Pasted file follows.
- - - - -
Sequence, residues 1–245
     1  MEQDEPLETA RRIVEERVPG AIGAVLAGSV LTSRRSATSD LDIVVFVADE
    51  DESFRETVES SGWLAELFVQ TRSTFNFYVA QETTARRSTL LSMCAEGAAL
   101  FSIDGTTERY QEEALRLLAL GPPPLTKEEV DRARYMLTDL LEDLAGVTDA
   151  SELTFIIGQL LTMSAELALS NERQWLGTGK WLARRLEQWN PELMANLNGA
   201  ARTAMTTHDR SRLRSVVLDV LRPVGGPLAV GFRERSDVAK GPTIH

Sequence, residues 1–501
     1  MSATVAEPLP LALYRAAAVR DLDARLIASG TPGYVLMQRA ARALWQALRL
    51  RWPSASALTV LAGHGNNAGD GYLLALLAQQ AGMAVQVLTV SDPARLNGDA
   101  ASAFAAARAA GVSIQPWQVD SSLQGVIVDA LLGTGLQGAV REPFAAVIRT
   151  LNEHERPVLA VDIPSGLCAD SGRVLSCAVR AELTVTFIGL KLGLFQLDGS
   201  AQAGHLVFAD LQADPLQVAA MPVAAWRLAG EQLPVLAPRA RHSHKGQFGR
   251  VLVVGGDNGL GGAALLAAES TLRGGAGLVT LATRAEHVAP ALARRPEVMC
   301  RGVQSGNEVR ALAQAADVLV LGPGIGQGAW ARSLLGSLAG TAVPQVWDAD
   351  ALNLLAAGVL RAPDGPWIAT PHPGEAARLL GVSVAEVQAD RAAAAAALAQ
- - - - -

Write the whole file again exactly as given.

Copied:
Sequence, residues 1–245
     1  MEQDEPLETA RRIVEERVPG AIGAVLAGSV LTSRRSATSD LDIVVFVADE
    51  DESFRETVES SGWLAELFVQ TRSTFNFYVA QETTARRSTL LSMCAEGAAL
   101  FSIDGTTERY QEEALRLLAL GPPPLTKEEV DRARYMLTDL LEDLAGVTDA
   151  SELTFIIGQL LTMSAELALS NERQWLGTGK WLARRLEQWN PELMANLNGA
   201  ARTAMTTHDR SRLRSVVLDV LRPVGGPLAV GFRERSDVAK GPTIH

Sequence, residues 1–501
     1  MSATVAEPLP LALYRAAAVR DLDARLIASG TPGYVLMQRA ARALWQALRL
    51  RWPSASALTV LAGHGNNAGD GYLLALLAQQ AGMAVQVLTV SDPARLNGDA
   101  ASAFAAARAA GVSIQPWQVD SSLQGVIVDA LLGTGLQGAV REPFAAVIRT
   151  LNEHERPVLA VDIPSGLCAD SGRVLSCAVR AELTVTFIGL KLGLFQLDGS
   201  AQAGHLVFAD LQADPLQVAA MPVAAWRLAG EQLPVLAPRA RHSHKGQFGR
   251  VLVVGGDNGL GGAALLAAES TLRGGAGLVT LATRAEHVAP ALARRPEVMC
   301  RGVQSGNEVR ALAQAADVLV LGPGIGQGAW ARSLLGSLAG TAVPQVWDAD
   351  ALNLLAAGVL RAPDGPWIAT PHPGEAARLL GVSVAEVQAD RAAAAAALAQ